Whether he blacked out or was unable to overcome the heavy stick force present in the dive is unknown, but his plane crashed into the ocean, killing himself and the observer/rear gunner, Ensign William M. Stevens. In April 1943, Bebas was posthumously awarded the Distinguished Flying Cross for his involvement in the Battle of Midway. The citation accompanying the medal, which was received by his mother, read in part:

"For heroism and extraordinary nary achievement in an aerial flight as pilot of an airplane in Bombing Squadron EIGHT in action against enemy Japanese forces in the Battle of Midway on June 6, 1942. With utter disregard for his own personal safety, Ensign Bebas participated in persistent bombing and strafing attacks against fleeing enemy forces, obtaining a damaging near-miss on an enemy vessel in the face of tremendous anti-aircraft fire. is courageous conduct and stern devotion to the fulfillment of a vastly important mission contributed materially to the victory achieved by our forces and were in keeping with the highest traditions of the United States Naval Service."

The following month, his mother and sister, Anne, traveled to Boston, Massachusetts, at the invitation of the Navy, to christen a destroyer escort vessel named in Gus Bebas’s honor. The 1,400-ton USS Bebas (DE-10) was based in the Pacific until the cease of hostilities, performing patrol and escort duties and receiving three battle stars. Dr. Franklin B. Snyder, president of Northwestern University, at a memorial service in honor of Bebas at St. Andrew's Greek Orthodox Church in Chicago on June 27, 1943, eulogized:

"He was a student of whom we all felt proud. He was loved and admired by the students and his friends; one we knew would have a distinguished record. We regret his death, but we take a pride in his heroism and his accomplishments. On behalf of the university, I salute him!"

Gus Bebas and Ensign William Stevens are buried at the Golden Gate National Cemetery in San Bruno, California.

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Gus Bebas's photo in his enlistment papers for service with the USNR. (Bebas Officer Military Personnel File)
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A VB-8 Douglas SBD Dauntless lands far off-center, flying right over the head of the Landing Signal Officer (LSO) aboard the USS HORNET (CV-12) during the Battle of Midway, on June 4, 1942. (USN)
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Bebas had two nearly hits or paint scratchers in USN pilots argo on destroyer IJN Tanikaze (up) and heavy cruiser IJN Mogami (down), inflicting serious damage. Although both ships survived the war they were effectively taken out of operations during the Battle of Midway. (USN)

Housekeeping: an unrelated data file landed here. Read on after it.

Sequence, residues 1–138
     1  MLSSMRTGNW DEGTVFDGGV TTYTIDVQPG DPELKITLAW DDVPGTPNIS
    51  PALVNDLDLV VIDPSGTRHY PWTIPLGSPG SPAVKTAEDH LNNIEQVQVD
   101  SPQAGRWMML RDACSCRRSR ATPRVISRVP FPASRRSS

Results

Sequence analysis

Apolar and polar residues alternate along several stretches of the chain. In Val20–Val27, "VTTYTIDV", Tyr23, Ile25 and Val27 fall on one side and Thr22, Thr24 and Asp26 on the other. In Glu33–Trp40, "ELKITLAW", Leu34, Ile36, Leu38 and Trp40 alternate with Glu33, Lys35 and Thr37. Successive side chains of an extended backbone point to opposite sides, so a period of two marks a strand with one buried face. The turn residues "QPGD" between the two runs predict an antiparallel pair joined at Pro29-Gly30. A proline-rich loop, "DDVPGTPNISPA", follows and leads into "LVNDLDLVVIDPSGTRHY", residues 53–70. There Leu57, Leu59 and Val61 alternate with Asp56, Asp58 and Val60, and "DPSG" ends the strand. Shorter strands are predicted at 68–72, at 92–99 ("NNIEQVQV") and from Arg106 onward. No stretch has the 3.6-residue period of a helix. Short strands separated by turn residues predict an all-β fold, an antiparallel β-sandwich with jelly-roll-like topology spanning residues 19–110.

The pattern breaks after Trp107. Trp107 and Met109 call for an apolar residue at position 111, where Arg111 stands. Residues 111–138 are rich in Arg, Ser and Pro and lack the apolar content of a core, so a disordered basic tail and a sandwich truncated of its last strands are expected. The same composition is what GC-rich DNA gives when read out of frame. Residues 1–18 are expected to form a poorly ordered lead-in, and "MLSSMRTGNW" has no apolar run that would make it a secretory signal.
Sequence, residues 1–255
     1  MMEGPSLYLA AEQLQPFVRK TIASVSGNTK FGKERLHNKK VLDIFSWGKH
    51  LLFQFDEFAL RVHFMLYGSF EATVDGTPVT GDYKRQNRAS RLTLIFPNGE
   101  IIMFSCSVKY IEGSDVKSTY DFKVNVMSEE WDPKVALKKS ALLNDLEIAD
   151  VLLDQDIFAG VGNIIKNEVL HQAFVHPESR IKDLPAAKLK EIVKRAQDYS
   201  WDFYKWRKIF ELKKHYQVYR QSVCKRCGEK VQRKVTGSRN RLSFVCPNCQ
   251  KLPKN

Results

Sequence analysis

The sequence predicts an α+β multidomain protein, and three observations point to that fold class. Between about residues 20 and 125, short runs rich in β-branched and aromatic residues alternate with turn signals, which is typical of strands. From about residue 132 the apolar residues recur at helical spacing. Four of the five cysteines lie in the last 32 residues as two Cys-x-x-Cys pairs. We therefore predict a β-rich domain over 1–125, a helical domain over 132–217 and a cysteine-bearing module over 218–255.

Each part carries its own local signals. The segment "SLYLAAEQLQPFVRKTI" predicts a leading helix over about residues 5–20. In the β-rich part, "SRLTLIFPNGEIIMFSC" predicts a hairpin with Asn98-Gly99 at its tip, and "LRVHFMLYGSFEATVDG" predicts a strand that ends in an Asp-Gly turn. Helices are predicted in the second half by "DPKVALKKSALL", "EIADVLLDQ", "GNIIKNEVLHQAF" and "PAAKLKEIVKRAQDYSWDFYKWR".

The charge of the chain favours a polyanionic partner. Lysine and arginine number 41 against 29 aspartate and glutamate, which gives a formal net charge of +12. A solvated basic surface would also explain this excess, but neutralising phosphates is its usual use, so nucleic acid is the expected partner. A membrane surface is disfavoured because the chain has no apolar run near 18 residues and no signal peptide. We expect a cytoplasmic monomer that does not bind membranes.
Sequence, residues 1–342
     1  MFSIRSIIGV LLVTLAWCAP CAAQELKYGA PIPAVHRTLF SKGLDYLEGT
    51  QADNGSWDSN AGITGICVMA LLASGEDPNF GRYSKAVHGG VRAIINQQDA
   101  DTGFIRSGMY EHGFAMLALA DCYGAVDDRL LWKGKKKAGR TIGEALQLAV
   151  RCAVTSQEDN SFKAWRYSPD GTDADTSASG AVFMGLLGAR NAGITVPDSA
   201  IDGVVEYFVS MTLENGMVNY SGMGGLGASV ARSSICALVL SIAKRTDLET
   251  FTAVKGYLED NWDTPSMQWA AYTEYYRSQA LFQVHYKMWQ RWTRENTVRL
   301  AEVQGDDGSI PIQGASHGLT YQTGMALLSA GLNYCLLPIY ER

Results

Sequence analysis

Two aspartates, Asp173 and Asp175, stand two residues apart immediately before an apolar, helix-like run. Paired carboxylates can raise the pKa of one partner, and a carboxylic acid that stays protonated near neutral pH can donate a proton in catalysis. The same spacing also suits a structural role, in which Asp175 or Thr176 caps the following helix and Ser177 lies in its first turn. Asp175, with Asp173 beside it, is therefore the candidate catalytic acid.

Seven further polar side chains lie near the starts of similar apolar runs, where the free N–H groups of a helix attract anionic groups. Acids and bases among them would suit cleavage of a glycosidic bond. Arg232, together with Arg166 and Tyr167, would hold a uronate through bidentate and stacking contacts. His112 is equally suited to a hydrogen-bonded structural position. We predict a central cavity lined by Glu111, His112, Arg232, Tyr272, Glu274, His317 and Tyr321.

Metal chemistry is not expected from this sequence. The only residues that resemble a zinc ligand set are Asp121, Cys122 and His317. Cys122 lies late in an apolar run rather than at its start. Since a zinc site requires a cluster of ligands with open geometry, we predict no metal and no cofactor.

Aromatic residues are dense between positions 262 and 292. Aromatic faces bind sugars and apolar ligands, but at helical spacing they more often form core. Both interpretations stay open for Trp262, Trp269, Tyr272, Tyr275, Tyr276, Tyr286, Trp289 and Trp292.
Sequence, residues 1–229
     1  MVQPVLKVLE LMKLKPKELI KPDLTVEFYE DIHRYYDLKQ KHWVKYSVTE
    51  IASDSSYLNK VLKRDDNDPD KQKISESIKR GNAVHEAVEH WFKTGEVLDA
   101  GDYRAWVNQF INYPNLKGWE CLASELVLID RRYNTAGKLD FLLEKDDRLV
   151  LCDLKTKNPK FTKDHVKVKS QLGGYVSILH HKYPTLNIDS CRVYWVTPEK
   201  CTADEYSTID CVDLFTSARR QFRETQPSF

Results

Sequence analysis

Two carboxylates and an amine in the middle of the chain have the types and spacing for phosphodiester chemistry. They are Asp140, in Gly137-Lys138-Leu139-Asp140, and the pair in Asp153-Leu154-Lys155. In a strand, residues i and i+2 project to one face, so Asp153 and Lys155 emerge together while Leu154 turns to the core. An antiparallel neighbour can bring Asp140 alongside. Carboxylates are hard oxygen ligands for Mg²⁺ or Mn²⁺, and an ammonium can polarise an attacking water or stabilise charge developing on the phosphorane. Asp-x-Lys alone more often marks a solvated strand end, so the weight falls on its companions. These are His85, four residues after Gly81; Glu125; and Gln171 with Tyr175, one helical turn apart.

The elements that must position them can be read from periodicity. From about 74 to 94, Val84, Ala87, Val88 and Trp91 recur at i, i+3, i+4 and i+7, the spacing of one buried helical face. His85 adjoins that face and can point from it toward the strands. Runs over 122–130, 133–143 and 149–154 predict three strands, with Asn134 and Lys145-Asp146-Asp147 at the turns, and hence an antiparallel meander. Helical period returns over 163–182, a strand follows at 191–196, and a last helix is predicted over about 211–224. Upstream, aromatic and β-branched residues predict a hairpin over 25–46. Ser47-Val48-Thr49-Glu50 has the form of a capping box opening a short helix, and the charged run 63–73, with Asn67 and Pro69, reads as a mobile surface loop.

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USS Bebas (BDE-10/DE-10) was an Evarts-class short-hull destroyer escort in the service of the United States Navy. She was named to honor Ensign Gus George Bebas's sacrifice during WW2. (NH 78640)


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Left: USS Bebas (DE 10) off Hunters Point, San Francisco wearing camouflage measure MS31/22D. Bebas is carrying an HF/DF antenna on top of the mast above the SR radar dome. The HF/DF was not usually deployed on Pacific Fleet destroyer escorts, since, while it was used to detect radio transmissions from enemy submarines, This was not deemed as effective against Japanese submarines as against German U-Boats. Bebas had been in the Atlantic between May and August 1943 but was assigned to the Pacific after completing shakedown and spending the next few weeks in coastal escort and patrol operations out of Casco Bay in Maine, Boston, New York, and Norfolk. Bebas departed Hampton Roads on 24 August 1943 for the Pacific.USS Bebas (U.S. Navy, Bureau of Shipping, Catalog #BS 69838 via, further info via
Right: Low-quality photo of Mrs. Angeline M. Bebas, while christens the USS Bebas at a Boston Shipyard. With her are Captain Ronan O'Grady, the Greek Orthodox Bishop of Boston who blessed the ship, and Miss Anne Bebas, sister of the late Ensign Bebas (AHEPA)
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Letter written by the Secretary of the Navy, Frank Knox, informing Gus father, George P. Bebas about his son's loss. (USN)
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Photo of George included inside his Military File. (USN)
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Gus Bebas's appointment as an Ensign of the US Navy, signed by the acting Secretary of the Navy, James Forrestal. (USN)
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Gus Bebas application for aviation training in the USNR. (USN)
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A letter signed by the Chief of Naval Personnel addressed to Gus's mother, Angeline Bebas regarding her son's loss. (USN)
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The Greek American hero during his school years. (USN)
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Photo of Gus Bebas which was pinned to his USN identity card. (USN)
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Final report of aviation training from NAS Pensacola, Florida. (USN)
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The Distinguished Flying Cross, posthumously awarded to Gus Bebas. (USN)



Special thanks to Gary Bedingfield for letting me reproduce and expand his great biography on Gus Bebas, to Mindy Swift for her support every time I need it, and to Donald Mounts and Global Military Research for searching and copying Gus Bebas military records. We would also like to express our thanks to Robert and Pamela Thomas, volunteer researchers in the Archives of the National Naval Aviation Museum in Pensacola, FL.


1. Baseball's Dead of World War II: A Roster of Professional Players Who Died in Service, Gary Bedingfield, McFarland, 2015, ISBN: 9780786458202

2. Constantine Gus Bebas Officer Military Record

3. Constantine Gus Bebas Enlisted Military Record

4. Constantine Gus Bebas IDPF

5. Memorial Day Memories: A Heroic Gus Bebas and the Battle of Midway, George L. Chiagouris, The National Herald, May 28 - June 3, 2011.